March 6, 2012 7.48 pm This story is over 140 months old

Council approves £4m recession budget

More funding: A plan to tackle the recession issues in Lincoln have been approved by the City of Lincoln Council.

The deteriorated Grandstand will benefit from the plans

– Update on March 12 at 12pm: The City of Lincoln Council’s five year strategic plan and two year delivery plan have now been published online, available to members of the public.

The City of Lincoln Council approved plans to spend £4 million on tackling the effects of recession in the city at a Full Council meeting on Tuesday evening.

The five-year plan, plus two-year delivery plan, aims to introduce 98 different projects to help with unemployment, housing issues and social wellbeing in the community.

Around £2 million will provide mortgage indemnity for first time home buyers in Lincoln, and the council will act as a guarantor for new home buyers purchasing a home in Lincoln worth around £100,000.

Another £10,000 per year will be invested into the Visit Lincoln Partnership, and £30,000 will be used to reduce Lincoln’s carbon footprint.

City Hall will have its facilities improved, such as new public meeting rooms and interview space, with £175,000.

Apprenticeship schemes at the council and partners will get £75,000 per year, focusing on young people not in employment, education or training.

Some £150,000 will be passed onto small business or social enterprises as a support programme, aiming to stimulate the economy and job market.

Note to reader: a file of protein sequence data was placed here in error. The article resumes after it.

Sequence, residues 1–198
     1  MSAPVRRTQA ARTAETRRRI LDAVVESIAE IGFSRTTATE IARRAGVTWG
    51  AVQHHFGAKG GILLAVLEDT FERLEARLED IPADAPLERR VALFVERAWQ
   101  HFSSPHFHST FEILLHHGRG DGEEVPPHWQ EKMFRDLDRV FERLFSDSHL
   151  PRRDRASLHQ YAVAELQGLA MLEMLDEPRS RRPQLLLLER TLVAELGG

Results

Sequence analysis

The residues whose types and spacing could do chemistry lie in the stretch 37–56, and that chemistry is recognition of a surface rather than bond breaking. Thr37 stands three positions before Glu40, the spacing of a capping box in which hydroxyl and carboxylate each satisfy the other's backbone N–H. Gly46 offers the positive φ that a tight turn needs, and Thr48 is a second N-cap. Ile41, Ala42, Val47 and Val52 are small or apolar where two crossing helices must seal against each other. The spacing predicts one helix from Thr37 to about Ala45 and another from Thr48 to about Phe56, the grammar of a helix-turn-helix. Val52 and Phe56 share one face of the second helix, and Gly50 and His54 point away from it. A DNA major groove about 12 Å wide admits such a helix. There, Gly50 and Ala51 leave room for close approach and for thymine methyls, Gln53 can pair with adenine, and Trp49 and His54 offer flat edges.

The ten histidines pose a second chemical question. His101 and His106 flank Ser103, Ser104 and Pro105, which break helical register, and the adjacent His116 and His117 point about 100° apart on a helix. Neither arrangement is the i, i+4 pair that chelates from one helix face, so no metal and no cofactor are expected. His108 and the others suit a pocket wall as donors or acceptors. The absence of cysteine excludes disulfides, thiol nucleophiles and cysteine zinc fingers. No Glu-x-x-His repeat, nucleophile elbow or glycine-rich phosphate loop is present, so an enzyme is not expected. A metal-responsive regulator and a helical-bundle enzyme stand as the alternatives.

Meanwhile, £125,000 will establish day care centres for the homeless, in the hope of reducing public anti-social behaviour.

Around the city, the Grandstand will get £100,000 in maintenance, but this funding will also help reduce future deterioration, a new cemetery will be created costing £700,000 (starting cost), and allotments will receive £75,000 as part of the upcoming new allotment strategy.

Money will also be provided to study the Western Growth Corridor in Swanpool, with the intention to build homes and create jobs, and a city-wide version of Neighbourhood Management.

However, in order to free some of the funding, leisure and IT schemes will take a cut, plus the council’s workforce could shrink.

The plan came to fruition after the council acknowledged the 3,242 on Jobseeker’s Allowance, 3,000 people on the housing waiting list and 25% of children living below the poverty line in Lincoln.

City of Lincoln Council Leader, Ric Metcalfe, said: “We take the problems facing Lincoln very seriously and have spoken to the people and stakeholders in the city and are addressing their issues with evidence based decisions from thorough research.”

Some of the projects will be implemented as early as April 2012.